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Written and illustrated by a former Marvel Comics' artist with brilliant hand-done images throughout, this graphic handbook of cartooning is without equal. It's simply larger, better illustrated, and more in depth than any similar title on the market. In elaborate detail, it focuses on superheroes and their atmospheric world filled with speed and movement. Every aspect of creating cartoons is taught: the supplies, developing mood, and the techniques that endow characters with personality. See how to draw a variety of faces (female, heroic, cute, gaunt), and give the appearance of age. From the skeleton to the torso, to the arms, hands, and legs, follow every stroke that goes into producing bodies of all shapes and sizes. Finally, there's instruction on sending those figures into running, jumping, punching, kicking action in a fully realized scene. With advice so thorough, any amateur can become a professional.
Since its debut manga RG Veda, CLAMP has steadily asserted itself as one of the most widely renowned teams of manga artists, leaving a durable imprint in every established genre while also devising novel formulas along the way. Endowed not only with stylistic distinctiveness but also comprehensive cultural structure, CLAMP's output is distinguished by unique worldbuilding ?air and visual vitality. Exploring a selection of CLAMP manga as well as anime it inspired, this volume examines CLAMP's broader philosophical underpinnings, its dedication to the invention of elaborate narrative constructs, its legendary passion for multilayered universes, and its symbolic interpretation of human identity. Throughout, the work highlights the team's incremental creation of a graphic constellation of unparalleled appeal.
Discover the complete story of the Teenage Mutant Ninja Turtles for
the first time-from their humble beginnings in black-and-white
comics created in a home studio in Dover, New Hampshire, to their
multimillion-dollar breakout success, and their position as four of
the best-loved characters of all time.
Superhero comics reckon with issues of corporeal control. And while they commonly deal in characters of exceptional or superhuman ability, they have also shown an increasing attention and sensitivity to diverse forms of disability, both physical and cognitive. The essays in this collection reveal how the superhero genre, in fusing fantasy with realism, provides a visual forum for engaging with issues of disability and intersectional identity (race, ethnicity, class, gender, and sexuality) and helps to imagine different ways of being in the world. Working from the premise that the theoretical mode of the uncanny, with its interest in what is simultaneously known and unknown, ordinary and extraordinary, opens new ways to think about categories and markers of identity, Uncanny Bodies explores how continuums of ability in superhero comics can reflect, resist, or reevaluate broader cultural conceptions about disability. The chapters focus on lesser-known characters-such as Echo, Omega the Unknown, and the Silver Scorpion-as well as the famous Barbara Gordon and the protagonist of the acclaimed series Hawkeye, whose superheroic uncanniness provides a counterpoint to constructs of normalcy. Several essays explore how superhero comics can provide a vocabulary and discourse for conceptualizing disability more broadly. Thoughtful and challenging, this eye-opening examination of superhero comics breaks new ground in disability studies and scholarship in popular culture. In addition to the editors, the contributors are Sarah Bowden, Charlie Christie, Sarah Gibbons, Andrew Godfrey-Meers, Marit Hanson, Charles Hatfield, Naja Later, Lauren O'Connor, Daniel J. O'Rourke, Daniel Pinti, Lauranne Poharec, and Deleasa Randall-Griffiths.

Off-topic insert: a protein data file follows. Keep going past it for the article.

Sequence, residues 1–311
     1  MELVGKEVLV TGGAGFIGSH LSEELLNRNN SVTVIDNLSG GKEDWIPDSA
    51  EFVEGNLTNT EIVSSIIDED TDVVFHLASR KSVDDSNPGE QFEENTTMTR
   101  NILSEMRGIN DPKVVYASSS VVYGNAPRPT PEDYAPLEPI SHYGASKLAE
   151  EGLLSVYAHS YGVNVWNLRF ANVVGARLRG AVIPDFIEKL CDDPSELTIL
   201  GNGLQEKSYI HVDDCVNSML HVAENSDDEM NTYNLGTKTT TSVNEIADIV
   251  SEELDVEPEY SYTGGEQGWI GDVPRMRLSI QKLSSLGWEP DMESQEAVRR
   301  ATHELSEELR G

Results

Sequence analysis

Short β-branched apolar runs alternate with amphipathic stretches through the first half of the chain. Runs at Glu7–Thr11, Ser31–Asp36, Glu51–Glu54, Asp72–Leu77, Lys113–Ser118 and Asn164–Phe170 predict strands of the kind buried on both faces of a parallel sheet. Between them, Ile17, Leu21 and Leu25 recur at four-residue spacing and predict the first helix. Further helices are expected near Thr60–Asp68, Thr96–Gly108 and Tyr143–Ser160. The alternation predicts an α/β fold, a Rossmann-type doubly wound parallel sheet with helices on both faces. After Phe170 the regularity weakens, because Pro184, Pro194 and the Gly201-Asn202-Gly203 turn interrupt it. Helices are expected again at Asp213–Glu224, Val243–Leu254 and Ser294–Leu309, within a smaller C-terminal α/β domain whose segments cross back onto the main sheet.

Monsters seem inevitably linked to humans and not always as mere opposites. Maaheen Ahmed examines good monsters in comics to show how Romantic themes from the eighteenth and the nineteenth centuries persist in today's popular culture. Comics monsters, questioning the distinction between human and monster, self and other, are valuable conduits of Romantic inclinations. Engaging with Romanticism and the many monsters created by Romantic writers and artists such as Mary Shelley, Victor Hugo, and Goya, Ahmed maps the heritage, functions, and effects of monsters in contemporary comics and graphic novels. She highlights the persistence of recurrent Romantic features through monstrous protagonists in English- and French-Language comics and draws out their implications. Aspects covered include the dark Romantic predilection for ruins and the sordid, the solitary protagonist and his quest, nostalgia, the prominence of the spectacle as well as excessive emotions, and above all, the monster's ambiguity and rebelliousness. Ahmed highlights each Romantic theme through close readings of well-known but often overlooked comics, including Enki Bilal's Monstre tetralogy, Jim O'Barr's The Crow, and Emil Ferris's My Favorite Thing Is Monsters, as well as the iconic comics Series Alan Moore's Swamp Thing and Mike Mignola's Hellboy. In blurring the otherness of the monster, these protagonists retain the exaggeration and uncontrollability of all monsters while incorporating Romantic characteristics.
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